On June 5, 2019, the Securities and Exchange Commission (SEC) adopted Regulation Best Interest (Reg BI) Rule 15I-1 under the Securities Exchange Act of 1934. Reg BI establishes a best interest standard of conduct for broker dealers when a recommendation is made to a retail customer of any securities transaction or investment strategy involving securities. The regulation became effective on Sept. 10, 2019, and requires compliance by June 30, 2020.
This regulation seeks to enhance the required standard of conduct to ensure broker dealers are acting in the best interest of the customer, ahead of their own interest. This overarching principle is referred to as the “general obligation.” In addition, there are provisions that require compliance with specific obligations, which set forth what it means to “act in the best interest.” The general obligation is satisfied only if the specific component obligations are satisfied.
The specific obligations are as follows:
Along with adopting Reg BI, the SEC concurrently adopted Form CRS. The Form CRS is essentially a relationship summary to provide information about the relationships and services the broker dealer offers, the associated fees and costs in addition to specified conflicts of interest and standards of conduct, including any disciplinary history. The form intends to summarize information in a standard format to allow for comparability across broker dealers. The relationship summary is identified as the initial level of disclosure while the Disclosure Obligation, as identified above, reflects additional layers of detail.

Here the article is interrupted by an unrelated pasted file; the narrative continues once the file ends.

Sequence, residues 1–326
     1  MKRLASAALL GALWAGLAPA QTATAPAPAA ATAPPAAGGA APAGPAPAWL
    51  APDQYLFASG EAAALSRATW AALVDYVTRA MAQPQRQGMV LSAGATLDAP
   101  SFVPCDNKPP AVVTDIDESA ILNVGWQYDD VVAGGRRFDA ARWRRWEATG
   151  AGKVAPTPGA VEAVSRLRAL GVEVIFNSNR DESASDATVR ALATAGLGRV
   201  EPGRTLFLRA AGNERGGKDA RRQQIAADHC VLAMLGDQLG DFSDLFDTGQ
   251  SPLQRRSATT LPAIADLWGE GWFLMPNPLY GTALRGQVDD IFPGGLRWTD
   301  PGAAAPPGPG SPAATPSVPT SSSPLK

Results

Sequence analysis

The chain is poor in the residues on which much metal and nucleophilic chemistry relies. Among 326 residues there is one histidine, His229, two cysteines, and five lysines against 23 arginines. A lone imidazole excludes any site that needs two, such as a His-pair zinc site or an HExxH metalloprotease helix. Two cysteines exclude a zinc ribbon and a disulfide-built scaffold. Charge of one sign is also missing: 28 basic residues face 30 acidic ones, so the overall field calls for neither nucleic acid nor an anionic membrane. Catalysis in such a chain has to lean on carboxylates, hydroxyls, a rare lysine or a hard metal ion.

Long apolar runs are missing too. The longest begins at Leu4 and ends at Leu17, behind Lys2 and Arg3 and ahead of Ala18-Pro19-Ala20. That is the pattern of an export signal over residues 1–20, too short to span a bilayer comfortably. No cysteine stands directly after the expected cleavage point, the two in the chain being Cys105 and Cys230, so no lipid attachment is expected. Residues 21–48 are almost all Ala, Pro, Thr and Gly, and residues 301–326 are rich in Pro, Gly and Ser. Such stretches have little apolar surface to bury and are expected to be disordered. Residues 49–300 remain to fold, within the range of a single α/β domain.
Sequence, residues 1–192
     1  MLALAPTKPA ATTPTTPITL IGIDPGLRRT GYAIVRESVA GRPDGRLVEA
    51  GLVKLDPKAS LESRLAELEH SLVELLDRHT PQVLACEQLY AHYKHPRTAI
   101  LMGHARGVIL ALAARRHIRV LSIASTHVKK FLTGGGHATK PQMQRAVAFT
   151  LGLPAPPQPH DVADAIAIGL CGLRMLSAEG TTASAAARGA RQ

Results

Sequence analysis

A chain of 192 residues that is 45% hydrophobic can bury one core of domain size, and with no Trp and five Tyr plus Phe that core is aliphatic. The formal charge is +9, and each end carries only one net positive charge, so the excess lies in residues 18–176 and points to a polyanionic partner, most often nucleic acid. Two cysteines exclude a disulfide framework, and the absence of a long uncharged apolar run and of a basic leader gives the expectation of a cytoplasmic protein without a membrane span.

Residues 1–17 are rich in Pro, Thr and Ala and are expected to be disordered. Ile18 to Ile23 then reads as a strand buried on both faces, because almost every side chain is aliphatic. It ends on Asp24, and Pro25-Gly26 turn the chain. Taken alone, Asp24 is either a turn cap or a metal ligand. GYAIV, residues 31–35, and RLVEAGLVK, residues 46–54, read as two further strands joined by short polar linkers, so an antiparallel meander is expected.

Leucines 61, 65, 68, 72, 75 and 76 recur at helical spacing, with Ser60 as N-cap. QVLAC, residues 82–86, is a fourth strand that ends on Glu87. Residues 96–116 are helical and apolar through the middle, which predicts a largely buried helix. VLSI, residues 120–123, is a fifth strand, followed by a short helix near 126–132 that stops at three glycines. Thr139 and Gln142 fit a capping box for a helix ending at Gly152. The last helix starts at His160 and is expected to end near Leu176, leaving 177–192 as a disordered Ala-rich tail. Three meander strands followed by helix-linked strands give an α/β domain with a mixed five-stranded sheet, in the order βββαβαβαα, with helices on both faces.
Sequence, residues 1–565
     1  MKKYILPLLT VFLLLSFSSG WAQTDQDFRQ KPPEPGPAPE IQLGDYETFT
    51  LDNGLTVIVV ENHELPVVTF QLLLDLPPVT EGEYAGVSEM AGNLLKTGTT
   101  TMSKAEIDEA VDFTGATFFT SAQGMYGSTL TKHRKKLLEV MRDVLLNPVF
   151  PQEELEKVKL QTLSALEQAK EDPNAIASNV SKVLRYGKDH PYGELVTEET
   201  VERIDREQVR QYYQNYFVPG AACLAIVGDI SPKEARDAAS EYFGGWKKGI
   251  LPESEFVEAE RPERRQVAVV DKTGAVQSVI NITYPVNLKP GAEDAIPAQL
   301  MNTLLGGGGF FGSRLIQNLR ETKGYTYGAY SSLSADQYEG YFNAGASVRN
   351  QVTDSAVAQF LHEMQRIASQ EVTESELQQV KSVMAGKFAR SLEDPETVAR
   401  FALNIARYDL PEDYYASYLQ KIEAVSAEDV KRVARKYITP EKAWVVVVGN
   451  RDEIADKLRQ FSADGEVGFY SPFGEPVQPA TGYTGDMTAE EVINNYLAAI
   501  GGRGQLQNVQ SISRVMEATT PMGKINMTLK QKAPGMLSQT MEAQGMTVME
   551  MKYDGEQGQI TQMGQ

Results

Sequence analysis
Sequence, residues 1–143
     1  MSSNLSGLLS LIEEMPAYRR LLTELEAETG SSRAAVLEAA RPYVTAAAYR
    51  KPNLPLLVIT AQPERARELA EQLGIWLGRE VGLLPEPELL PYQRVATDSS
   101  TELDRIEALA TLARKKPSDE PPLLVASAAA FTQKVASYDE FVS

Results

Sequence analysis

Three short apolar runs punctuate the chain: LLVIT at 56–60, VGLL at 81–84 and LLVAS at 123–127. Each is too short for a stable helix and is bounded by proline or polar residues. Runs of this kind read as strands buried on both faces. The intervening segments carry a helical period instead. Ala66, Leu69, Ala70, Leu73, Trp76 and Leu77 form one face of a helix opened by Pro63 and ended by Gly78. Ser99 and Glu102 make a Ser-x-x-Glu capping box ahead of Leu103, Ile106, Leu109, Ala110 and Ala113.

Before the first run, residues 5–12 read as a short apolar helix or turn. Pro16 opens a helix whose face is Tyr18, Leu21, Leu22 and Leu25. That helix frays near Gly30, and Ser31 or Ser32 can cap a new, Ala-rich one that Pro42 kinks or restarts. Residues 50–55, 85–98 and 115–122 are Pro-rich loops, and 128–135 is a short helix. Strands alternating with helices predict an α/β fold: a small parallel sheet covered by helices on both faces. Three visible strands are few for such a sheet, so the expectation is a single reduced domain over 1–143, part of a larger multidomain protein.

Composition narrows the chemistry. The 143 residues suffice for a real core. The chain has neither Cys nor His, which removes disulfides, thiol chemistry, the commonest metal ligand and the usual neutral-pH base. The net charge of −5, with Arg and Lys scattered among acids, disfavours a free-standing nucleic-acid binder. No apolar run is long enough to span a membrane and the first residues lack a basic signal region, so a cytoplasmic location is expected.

The SEC also amended Rules 17a-3 and 17a-4 of the Securities Exchange Act, which outline minimum requirements for record keeping and retention. Rule 17a-3 was amended to include new paragraph (a)(35) under the Securities Exchange Act, which requires broker dealers to record recommendations made to each retail customer, record all information collected from and provided to the customer pursuant to Reg BI, and to record the identity of each person responsible for the account. This new requirement provides a basis for broker dealers to evidence their compliance with Reg BI and for the SEC to examine such documentation. Rule 17a-4(e)(5) was also amended to require broker dealers to maintain and preserve records of the above noted items until at least six years after such record or relationship summary is created, and to record all dates that information was provided to retail customers.
To prepare for compliance with Reg BI, broker dealers should:
The Financial Industry Regulatory Authority (FINRA) has provided a Reg BI and Form CRS Checklist to assist members with their assessment of and impact to existing policies, procedures and compliance frameworks. For more information, refer to the SEC Release for Reg BI and SEC Release for Form CRS.
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